A fall in school nurse numbers is “letting children and young people down”, a charity supporting the profession has said.
NHS England recently released its latest workforce figures, which showed a decrease in the school nursing workforce of around 33% between 2009 and 2022, from 2,915 to 1,945.
Of the 1,945 school nursing staff included in the most recent count, 852 were described as “qualified school nurses”.
“It’s a perfect storm; the numbers have dwindled and the need for school nurses has increased”
While it is understood extra school nurses are employed in the private sector and by local authorities, Sallyann Sutton, interim professional officer at the School and Public Health Nurses Association (SAPHNA), said the workforce had felt a significant reduction in numbers – and that they were “tired”.
Ms Sutton said the demand on school nurses had dramatically increased since the Covid-19 pandemic, having already been on the up long before.
“We, at SAPHNA, have continuous conversations with school nurses and they will tell you there is a decline in their areas,” Ms Sutton said.
“It’s been on a steady decline over five or six years. But, at the same time, the complexity of need and sheer volume of need has increased.
“Demand and capacity is an issue, visibility of nurses has reduced. It’s estimated that there are around 1.5 school nurses for every ten schools.”
As well as caseload, Ms Sutton explained the complexity of need among pupils had shifted.
“We now have the cost of living crisis, and the impact of Covid meant a massive rise in mental health issues,” she told Nursing Times.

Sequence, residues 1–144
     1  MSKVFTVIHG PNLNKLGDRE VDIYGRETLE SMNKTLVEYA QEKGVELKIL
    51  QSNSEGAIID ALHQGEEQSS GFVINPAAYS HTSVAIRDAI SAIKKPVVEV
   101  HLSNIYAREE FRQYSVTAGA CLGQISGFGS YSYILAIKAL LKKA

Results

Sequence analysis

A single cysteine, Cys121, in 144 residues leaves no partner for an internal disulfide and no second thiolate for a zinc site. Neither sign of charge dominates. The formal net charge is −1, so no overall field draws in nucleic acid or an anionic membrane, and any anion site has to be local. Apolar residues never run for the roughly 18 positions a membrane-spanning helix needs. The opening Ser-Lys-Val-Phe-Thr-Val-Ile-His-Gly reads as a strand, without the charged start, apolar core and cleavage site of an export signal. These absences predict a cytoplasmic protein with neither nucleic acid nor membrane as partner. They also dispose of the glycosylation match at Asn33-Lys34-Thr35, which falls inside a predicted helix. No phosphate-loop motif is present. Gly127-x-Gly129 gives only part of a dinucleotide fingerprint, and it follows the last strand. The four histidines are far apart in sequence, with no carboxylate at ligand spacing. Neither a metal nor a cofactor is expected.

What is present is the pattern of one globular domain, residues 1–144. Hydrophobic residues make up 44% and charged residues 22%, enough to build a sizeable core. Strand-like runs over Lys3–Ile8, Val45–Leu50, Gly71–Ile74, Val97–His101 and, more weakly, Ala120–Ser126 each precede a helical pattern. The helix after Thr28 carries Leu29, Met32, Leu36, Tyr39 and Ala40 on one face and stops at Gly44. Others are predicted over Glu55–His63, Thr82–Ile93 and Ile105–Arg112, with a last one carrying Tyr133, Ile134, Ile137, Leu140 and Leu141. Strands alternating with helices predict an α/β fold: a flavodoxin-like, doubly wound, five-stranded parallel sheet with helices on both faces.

“We’ve seen children worried about the impact money issues have on their family life, safeguarding issues with kids going unseen during the pandemic, meaning issues are materialising now.
“It’s a perfect storm; the numbers have dwindled and the need for school nurses has increased.”
According to Ms Sutton, even when staffing numbers were at their peak, there “never” were enough school nurses.
Much like in other areas of nursing, she added, retention, pay and workload had driven workers out and was putting off new people from entering the workforce.
“The school nursing workforce is ageing,” Ms Sutton continued. “We’re losing people with a vast amount of experience and we can’t replace them.”
Ms Sutton highlighted the need for “more robust” data to understand the true extent of school nursing shortages.
“It’s crucial we have a sustainable workforce as we build a stronger, healthier NHS for the long term”
As well as the issue of the NHS dataset failing to capture all school nurses, Ms Sutton noted that in some cases, staff who move to work in other areas such as child and adolescent mental health services (CAMHS) were still being counted as school nurses.
In her own local area, she added, she had seen five school nurses move on to CAMHS and other safeguarding teams, in part due to better pay and working conditions.
“But beside data and stats, we have to listen to what the workforce are saying, and what they’re saying is they feel a decrease in nurses, an increase in the need, and that they’re tired,” warned Ms Sutton.
“It’s impacting them, nurses will carry on, but they get that feeling they’re letting children and young people down.”
Following the release of the NHS workforce data, a Department of Health and Social Care spokesperson said there was a “record” number of doctors and nurses working in the health service in England.
Health and social care secretary Steve Barclay said: “It’s crucial we have a sustainable workforce as we build a stronger, healthier NHS for the long term with patients at its centre.
“We are making progress in training and recruiting a record number of staff – with over 48,700 more compared to a year ago and the NHS will soon publish a workforce plan focused on recruiting and retaining more staff.”
A SAPHNA spokesperson added that the decline in school nurses was “disappointing”, and that the data was proof that “urgent reinvestment” is needed.
They said: “This workforce report highlights the need for urgent reinvestment into school nursing if we are to stop picking children out of the fire, rather, we stop them falling in in the first place.”